Good, better, salvation
The seventy returned with joy, saying, “Lord, in your name even the demons submit to us!” He said to them, “I watched Satan fall from heaven like a flash of lightning. See, I have given you authority to tread on snakes and scorpions, and over all the power of the enemy; and nothing will hurt you. Nevertheless, do not rejoice at this, that the spirits submit to you, but rejoice that your names are written in heaven.”
Luke 10:17-20 NRSV
We all like to be good at something, right? For me it’s writing. It’s something I love doing, even when I hate doing it. It’s part of the way I see myself, the way I express myself. Even when I’m not writing, I’m still a writer. This means two things for me: one, I take much joy and pride in writing, and two, I can be vain and insecure about my writing. Two sides of the same coin.
In our reading, the disciples Jesus had sent out return to him pleased as punch that they’d been able to drive out demons and fulfil this task Jesus had set them. I can imagine their giddiness. Their assignment was an important one. Earlier, in Luke 10:57-60, three would-be followers abandoned Jesus because their hearts were split. They couldn’t make that final leap to become disciples. Not so these seventy: their minds were made up. They were ready.
I imagine that they expected Jesus’ approval upon their return, at a bare minimum. A pat on the back. After all, they stuck it out. They did well. But instead they get a lesson: “The great triumph is not in your authority over evil, but in God’s authority over you and presence with you. Not what you do for God but what God does for you—that’s the agenda for rejoicing.” Jesus saw their hearts and reminded them that what was important here was not so much their doing, but their being. It’s not just that they, unlike those earlier would-be disciples, actually committed to following Jesus and spreading the kingdom message. They were saved where the others were not. The authority to bless and heal that these disciples took so much pride in? Those aren’t perks, they’re just responsibilities. They’re not what’s special; salvation is.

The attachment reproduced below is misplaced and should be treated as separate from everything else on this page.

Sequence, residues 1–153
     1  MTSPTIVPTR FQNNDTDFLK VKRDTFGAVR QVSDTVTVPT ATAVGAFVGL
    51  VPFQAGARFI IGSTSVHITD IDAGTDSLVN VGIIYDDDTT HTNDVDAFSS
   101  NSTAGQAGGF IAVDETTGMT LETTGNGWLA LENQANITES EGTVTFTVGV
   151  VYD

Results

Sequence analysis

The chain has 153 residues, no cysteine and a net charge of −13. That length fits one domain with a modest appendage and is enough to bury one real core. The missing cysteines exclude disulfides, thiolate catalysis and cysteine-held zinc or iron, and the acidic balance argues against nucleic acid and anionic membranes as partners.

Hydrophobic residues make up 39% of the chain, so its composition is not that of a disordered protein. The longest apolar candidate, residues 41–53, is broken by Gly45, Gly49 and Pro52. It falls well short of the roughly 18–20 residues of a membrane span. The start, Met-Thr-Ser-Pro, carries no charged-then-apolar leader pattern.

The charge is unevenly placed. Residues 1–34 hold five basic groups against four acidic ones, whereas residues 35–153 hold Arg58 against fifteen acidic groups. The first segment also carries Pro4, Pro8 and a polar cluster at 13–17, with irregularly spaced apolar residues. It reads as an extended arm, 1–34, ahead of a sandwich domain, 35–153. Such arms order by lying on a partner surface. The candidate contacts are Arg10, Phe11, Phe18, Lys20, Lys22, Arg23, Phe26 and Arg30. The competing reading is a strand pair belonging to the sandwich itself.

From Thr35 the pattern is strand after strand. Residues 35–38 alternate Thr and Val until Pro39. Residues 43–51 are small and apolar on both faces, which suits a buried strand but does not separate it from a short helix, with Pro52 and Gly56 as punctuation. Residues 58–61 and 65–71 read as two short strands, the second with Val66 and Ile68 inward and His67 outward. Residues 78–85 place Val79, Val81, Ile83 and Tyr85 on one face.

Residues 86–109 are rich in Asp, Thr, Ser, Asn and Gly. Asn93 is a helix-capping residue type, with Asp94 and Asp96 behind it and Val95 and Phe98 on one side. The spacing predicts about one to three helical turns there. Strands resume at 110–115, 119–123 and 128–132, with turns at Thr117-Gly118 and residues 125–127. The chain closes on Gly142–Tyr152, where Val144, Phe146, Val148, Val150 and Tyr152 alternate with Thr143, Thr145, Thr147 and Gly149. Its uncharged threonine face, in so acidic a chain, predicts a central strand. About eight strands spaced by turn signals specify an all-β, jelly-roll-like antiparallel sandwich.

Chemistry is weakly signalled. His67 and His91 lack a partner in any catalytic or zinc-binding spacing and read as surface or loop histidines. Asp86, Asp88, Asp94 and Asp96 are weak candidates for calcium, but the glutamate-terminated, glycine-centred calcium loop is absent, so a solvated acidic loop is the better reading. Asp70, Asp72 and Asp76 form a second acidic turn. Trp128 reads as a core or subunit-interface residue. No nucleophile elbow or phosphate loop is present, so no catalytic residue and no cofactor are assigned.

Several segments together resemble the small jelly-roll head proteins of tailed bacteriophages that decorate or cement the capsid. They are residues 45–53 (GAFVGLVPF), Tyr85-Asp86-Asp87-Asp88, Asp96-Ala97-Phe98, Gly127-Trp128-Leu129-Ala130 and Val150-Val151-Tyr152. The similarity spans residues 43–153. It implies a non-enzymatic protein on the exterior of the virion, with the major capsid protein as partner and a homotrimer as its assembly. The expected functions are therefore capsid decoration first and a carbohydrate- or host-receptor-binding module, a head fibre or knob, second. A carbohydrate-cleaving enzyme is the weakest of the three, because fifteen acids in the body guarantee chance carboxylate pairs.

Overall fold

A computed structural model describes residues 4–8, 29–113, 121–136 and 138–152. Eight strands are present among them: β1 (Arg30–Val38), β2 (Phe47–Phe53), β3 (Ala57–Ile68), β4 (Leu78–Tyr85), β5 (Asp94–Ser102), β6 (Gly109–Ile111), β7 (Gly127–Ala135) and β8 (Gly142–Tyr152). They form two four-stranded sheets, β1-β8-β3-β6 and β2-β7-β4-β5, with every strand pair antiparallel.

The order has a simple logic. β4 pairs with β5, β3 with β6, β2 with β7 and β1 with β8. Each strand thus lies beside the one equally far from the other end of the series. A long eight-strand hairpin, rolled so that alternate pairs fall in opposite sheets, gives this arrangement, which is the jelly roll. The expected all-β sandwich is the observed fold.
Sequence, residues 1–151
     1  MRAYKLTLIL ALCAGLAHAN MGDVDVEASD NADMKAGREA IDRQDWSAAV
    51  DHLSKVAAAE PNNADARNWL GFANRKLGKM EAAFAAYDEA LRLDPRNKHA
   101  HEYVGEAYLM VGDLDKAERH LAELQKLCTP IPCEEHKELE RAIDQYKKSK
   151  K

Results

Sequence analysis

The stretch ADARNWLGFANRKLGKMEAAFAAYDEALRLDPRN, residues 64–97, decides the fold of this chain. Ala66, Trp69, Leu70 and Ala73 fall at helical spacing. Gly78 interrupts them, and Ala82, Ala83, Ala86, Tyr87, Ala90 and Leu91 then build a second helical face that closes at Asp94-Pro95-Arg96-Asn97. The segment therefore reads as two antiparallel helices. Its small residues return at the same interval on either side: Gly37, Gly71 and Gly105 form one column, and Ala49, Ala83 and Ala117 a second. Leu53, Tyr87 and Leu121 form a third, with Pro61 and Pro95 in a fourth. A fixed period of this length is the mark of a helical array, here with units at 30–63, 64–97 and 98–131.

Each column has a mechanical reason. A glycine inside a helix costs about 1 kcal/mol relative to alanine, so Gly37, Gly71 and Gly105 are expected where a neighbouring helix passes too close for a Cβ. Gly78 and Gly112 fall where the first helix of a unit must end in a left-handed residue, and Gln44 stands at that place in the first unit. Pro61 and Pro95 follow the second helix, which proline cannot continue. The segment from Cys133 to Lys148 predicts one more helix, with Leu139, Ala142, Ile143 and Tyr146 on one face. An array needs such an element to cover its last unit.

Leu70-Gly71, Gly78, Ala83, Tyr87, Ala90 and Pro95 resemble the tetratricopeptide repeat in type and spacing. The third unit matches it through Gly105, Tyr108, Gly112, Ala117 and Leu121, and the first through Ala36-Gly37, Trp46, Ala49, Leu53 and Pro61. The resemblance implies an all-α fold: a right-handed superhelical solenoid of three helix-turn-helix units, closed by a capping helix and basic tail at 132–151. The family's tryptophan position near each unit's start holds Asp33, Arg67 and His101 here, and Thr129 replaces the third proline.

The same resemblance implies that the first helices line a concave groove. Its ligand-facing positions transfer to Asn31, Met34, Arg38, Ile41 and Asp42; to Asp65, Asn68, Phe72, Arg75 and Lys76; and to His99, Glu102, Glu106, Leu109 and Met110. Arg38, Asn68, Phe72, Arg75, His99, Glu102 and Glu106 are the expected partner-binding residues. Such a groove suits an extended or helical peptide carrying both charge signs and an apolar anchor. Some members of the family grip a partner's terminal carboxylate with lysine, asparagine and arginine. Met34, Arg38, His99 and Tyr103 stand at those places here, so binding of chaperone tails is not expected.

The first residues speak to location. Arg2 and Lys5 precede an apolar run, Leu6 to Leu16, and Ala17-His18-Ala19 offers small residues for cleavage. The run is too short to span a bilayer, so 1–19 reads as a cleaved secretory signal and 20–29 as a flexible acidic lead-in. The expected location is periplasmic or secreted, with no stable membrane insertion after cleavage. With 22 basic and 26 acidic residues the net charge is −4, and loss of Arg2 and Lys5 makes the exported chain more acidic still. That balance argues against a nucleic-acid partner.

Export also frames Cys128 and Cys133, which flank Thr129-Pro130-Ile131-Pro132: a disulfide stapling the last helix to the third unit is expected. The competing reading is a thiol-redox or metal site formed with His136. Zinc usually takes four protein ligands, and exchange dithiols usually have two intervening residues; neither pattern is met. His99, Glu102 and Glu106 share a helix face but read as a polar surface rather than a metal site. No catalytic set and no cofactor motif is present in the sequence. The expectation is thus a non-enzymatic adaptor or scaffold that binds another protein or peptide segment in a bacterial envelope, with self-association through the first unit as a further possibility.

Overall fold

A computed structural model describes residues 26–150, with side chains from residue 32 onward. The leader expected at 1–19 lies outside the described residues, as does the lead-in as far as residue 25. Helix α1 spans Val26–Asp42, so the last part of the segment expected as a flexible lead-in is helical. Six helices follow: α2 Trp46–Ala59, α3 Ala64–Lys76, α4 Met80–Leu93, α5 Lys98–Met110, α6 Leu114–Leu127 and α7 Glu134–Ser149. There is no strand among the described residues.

Don’t we treat spiritual gifts like perks rather than responsibilities? A few years ago I participated in the Network course. Ever heard about it? It’s this whole study dedicated to finding out what your primary spiritual gifts are. Nothing wrong with knowing it, but when we start wearing its results like lapels and badges and even medals? When we make it about us and not about God? Aren’t we also bragging about how we’ve subdued spirits? Jesus wasn’t just telling these disciples that their priorities were wrong – he was also essentially asking them what the big deal was. So you can tread on snakes and scorpions and all the power of the enemy – so what? That’s just part of the job description. So your top three gifts viz a viz the Network course are really cool – so what? That’s just part of kingdom life.
When we think of spiritual gifts as perks, we’re picky about using them. Like we’re doing folks a favour, like we’re doing the church a favour – like we’re doing God a favour. But they’re not perks. Spiritual gifts are merely by-products of salvation. They are what happens when Jesus saves our butts, purely out of the goodness and holiness and love of his being. It certainly wasn’t any of our doing.
When our joy and pride in kingdom life comes from anything other than the endless grace of knowing and being known by God, we’ve got our priorities mixed up. Oh, so you healed someone, or preached a great sermon, or you run a homeless shelter, or you didn’t punch Julie from book club in the face – so what? You personally know the Creator of the universe; these things were bound to happen; a given. This relationship, though? It hasn’t ever been something we deserved. That we get it is gift, an outrageous and extravagant gift.
Rather than be pleased with ourselves for being so ceaselessly cared for, this week let’s try to be pleased with God. Rather than hold out our spiritual gifts like they’re favours to be bestowed only on those we think are worthy, this week let’s see them as a responsibility to everyone God thinks is worthy.
Don’t you think when Jesus was hanging on that cross, his body a twist of pain, that there was a voice shouting at him that these people didn’t deserve his sacrifice, didn’t deserve to be forgiven, to be known, to be redeemed, to be restored, to be saved?
Know what he said?
Prayer inspiration: Psalm 122:1-2 MSG
When they said, “Let’s go to the house of God,”
my heart leaped for joy.
And now we’re here, O Jerusalem,
inside Jerusalem’s walls!